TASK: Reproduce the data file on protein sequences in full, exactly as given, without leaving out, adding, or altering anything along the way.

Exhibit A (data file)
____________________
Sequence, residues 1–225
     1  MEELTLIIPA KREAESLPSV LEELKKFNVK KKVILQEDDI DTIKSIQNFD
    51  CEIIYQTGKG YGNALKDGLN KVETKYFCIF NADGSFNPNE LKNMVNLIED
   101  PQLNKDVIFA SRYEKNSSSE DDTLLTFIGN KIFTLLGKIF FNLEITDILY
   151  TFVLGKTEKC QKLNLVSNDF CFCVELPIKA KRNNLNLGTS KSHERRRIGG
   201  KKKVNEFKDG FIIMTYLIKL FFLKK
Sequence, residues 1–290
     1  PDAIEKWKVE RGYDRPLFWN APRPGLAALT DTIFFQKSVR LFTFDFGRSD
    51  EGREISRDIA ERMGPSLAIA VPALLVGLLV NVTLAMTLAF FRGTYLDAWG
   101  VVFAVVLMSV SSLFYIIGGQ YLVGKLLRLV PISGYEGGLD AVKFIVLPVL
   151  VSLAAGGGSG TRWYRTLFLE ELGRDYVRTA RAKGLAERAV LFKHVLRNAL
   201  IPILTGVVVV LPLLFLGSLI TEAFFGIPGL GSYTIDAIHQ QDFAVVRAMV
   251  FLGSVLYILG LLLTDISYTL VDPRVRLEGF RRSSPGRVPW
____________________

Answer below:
Sequence, residues 1–225
     1  MEELTLIIPA KREAESLPSV LEELKKFNVK KKVILQEDDI DTIKSIQNFD
    51  CEIIYQTGKG YGNALKDGLN KVETKYFCIF NADGSFNPNE LKNMVNLIED
   101  PQLNKDVIFA SRYEKNSSSE DDTLLTFIGN KIFTLLGKIF FNLEITDILY
   151  TFVLGKTEKC QKLNLVSNDF CFCVELPIKA KRNNLNLGTS KSHERRRIGG
   201  KKKVNEFKDG FIIMTYLIKL FFLKK
Sequence, residues 1–290
     1  PDAIEKWKVE RGYDRPLFWN APRPGLAALT DTIFFQKSVR LFTFDFGRSD
    51  EGREISRDIA ERMGPSLAIA VPALLVGLLV NVTLAMTLAF FRGTYLDAWG
   101  VVFAVVLMSV SSLFYIIGGQ YLVGKLLRLV PISGYEGGLD AVKFIVLPVL
   151  VSLAAGGGSG TRWYRTLFLE ELGRDYVRTA RAKGLAERAV LFKHVLRNAL
   201  IPILTGVVVV LPLLFLGSLI TEAFFGIPGL GSYTIDAIHQ QDFAVVRAMV
   251  FLGSVLYILG LLLTDISYTL VDPRVRLEGF RRSSPGRVPW